Sean Powers/GPB

Georgia Wakes Up To Snow, Bitter Cold

UPDATE 1/17 8:17 a.m. Governor Nathan Deal has issued a state of emergency for metro Atlanta and 83 Georgia counties due to winter weather.

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GPB Features

Stephen Fowler, GPB News

Vince Dooley On UGA National Championship Game: 'Somehow, Someway, One More Time'

Former University of Georgia football coach Vince Dooley has been an important part of the school’s history and legacy for more than 50 years. He coached the Bulldogs to their last national championship in 1980, defeating Notre Dame in the Sugar Bowl. We visited Dooley at his Athens home to see some of his favorite memorabilia from that season.

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GPB News

Brian Brown

As metro Atlanta grows, the population of rural Georgia shrinks. Photographer Brian Brown is documenting the architecture of the country before it disappears. He started where he grew up, and created the website “Vanishing South Georgia.” Now he has sites devoted to North and Coastal Georgia, too. We talk with Brown about what there is to learn from decaying houses and shuttered storefronts.

Sean Powers/GPB

UPDATE 1/17 8:17 a.m.

 

Governor Nathan Deal has issued a state of emergency for metro Atlanta and 83 Georgia counties due to winter weather.

  • Winter Weather
  • Bribery Scandal Sentencing
  • Girl Scouts Lobbying For Bridge Name Change

Last week, a federal judge temporarily halted the Trump administration's plan to end the Deferred Action for Childhood Arrivals program. It’s unclear if legislative efforts to extend the program will be successful. 

STEPHEN FOWLER / Georgia Public Broadcasting

Last September, Georgia Tech student Scout Schultz was shot to death by a campus police officer. According to investigators, Schultz called 911 to report an armed suspicious person on campus. When police arrived, they found Schultz holding a blade. After repeated commands to drop it, an officer opened fire. Schultz, who was suicidal, was one of 30 Georgians shot and killed by police last year.

GPB Music

Dust To Digital

The Remarkable Lost Story of Gospel Artist Washington Phillips

Gospel musician Washington Phillips has been shrouded in mystery for decades. The Texas-based artist recorded only 18 songs in the 1920s, which were lost to obscurity until recently. Atlanta-based Dust-to-Digital revived his music into a new collection called “Washington Phillips and His Manzarene Dreams.” That release was nominated for a Grammy Award.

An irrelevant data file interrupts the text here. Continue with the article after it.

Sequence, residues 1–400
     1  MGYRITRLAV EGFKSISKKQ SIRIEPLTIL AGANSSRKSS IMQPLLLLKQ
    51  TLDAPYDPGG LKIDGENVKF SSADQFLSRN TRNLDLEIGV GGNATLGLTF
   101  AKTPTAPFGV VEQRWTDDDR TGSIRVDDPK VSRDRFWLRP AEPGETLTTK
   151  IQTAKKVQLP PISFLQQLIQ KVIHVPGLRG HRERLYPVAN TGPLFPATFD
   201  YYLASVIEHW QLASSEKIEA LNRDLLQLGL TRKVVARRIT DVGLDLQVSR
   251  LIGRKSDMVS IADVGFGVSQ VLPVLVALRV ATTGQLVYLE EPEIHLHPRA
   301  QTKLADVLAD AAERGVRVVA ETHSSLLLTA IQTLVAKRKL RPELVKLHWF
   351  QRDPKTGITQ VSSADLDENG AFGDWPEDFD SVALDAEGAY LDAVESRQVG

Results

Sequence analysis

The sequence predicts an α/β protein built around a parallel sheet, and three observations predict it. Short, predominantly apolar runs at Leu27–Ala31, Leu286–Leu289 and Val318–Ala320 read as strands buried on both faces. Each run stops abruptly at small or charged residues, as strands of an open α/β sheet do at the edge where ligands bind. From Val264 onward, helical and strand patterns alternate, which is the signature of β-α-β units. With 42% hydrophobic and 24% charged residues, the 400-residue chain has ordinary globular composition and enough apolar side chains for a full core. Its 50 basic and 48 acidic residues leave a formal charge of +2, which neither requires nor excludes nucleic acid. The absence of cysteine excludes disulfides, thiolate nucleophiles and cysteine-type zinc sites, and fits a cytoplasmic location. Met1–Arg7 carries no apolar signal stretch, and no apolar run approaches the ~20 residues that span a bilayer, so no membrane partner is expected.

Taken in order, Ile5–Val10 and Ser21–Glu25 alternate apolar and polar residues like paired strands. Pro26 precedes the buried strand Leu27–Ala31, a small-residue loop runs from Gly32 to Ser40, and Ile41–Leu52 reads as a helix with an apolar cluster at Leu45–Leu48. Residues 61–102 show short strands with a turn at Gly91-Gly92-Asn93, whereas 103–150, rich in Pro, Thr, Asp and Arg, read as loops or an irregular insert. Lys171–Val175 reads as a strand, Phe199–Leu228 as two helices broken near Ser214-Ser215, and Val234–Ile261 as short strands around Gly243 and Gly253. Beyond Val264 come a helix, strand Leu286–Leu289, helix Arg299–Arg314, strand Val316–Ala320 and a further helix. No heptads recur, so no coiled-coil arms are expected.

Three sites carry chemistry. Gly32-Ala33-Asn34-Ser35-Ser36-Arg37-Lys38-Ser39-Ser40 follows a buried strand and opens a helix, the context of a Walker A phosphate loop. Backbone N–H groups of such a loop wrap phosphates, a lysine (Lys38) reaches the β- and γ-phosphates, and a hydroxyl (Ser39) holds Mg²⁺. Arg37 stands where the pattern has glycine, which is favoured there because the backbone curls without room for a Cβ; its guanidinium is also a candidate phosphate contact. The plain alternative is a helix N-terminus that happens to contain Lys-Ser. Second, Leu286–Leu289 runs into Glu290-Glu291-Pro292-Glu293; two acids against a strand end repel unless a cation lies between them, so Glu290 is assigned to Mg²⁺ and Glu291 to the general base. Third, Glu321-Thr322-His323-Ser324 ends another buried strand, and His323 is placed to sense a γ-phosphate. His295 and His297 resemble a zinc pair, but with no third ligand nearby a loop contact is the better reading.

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The 45th President

Trump Denies Using Vulgar Slur; Top Democrat Says He Said It

Updated at 7:37 p.m. ET President Trump is denying reports, from NPR and other news outlets, that in a Thursday meeting at the White House he disparaged African nations as "shithole countries" and questioned why the United States would admit immigrants from them and other nations, like Haiti. Trump told lawmakers that the U.S. should instead seek out more immigrants from countries like Norway. A White House statement issued Thursday notably did not deny that Trump used the vulgarity to refer...

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On Second Thought is a one-hour, daily news talk show, airing at 9 a.m. weekdays. Timely, pegged conversations about all topics relating to Georgia and Atlanta, includ…

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President Trump is in excellent health with "no indication" of "any cognitive issues" — but he could afford to lose a few pounds and start exercising over the coming year, according to the president's physician.

On Friday, we posed this question to our audience: What do you think of the way poor countries are portrayed by aid groups and the media?

The question came in light of President Donald Trump's reported description of El Salvador, Haiti and nations in Africa as "shithole countries" last week.

Copyright 2018 NPR. To see more, visit http://www.npr.org/.

KELLY MCEVERS, HOST:

About six years ago, Johnathon Shillings was in jail waiting for trial. He was looking at up to 30 years of prison time if he got convicted. And he called home.

Copyright 2018 NPR. To see more, visit http://www.npr.org/.

KELLY MCEVERS, HOST:

Copyright 2018 NPR. To see more, visit http://www.npr.org/.

KELLY MCEVERS, HOST:

About six years ago, Johnathon Shillings was in jail waiting for trial. He was looking at up to 30 years of prison time if he got convicted. And he called home.

Copyright 2018 NPR. To see more, visit http://www.npr.org/.

ARI SHAPIRO, HOST:

By 1938, clarinetist Benny Goodman was already known as "The King of Swing" — the leader of the most popular dance band in America at a time when swing jazz was America's most popular music. But nobody knew how it would be received in Carnegie Hall, America's temple to classical music.

Copyright 2018 NPR. To see more, visit http://www.npr.org/.

ARI SHAPIRO, HOST:

Copyright 2018 NPR. To see more, visit http://www.npr.org/.

KELLY MCEVERS, HOST:

About six years ago, Johnathon Shillings was in jail waiting for trial. He was looking at up to 30 years of prison time if he got convicted. And he called home.

Copyright 2018 NPR. To see more, visit http://www.npr.org/.

KELLY MCEVERS, HOST:

About six years ago, Johnathon Shillings was in jail waiting for trial. He was looking at up to 30 years of prison time if he got convicted. And he called home.

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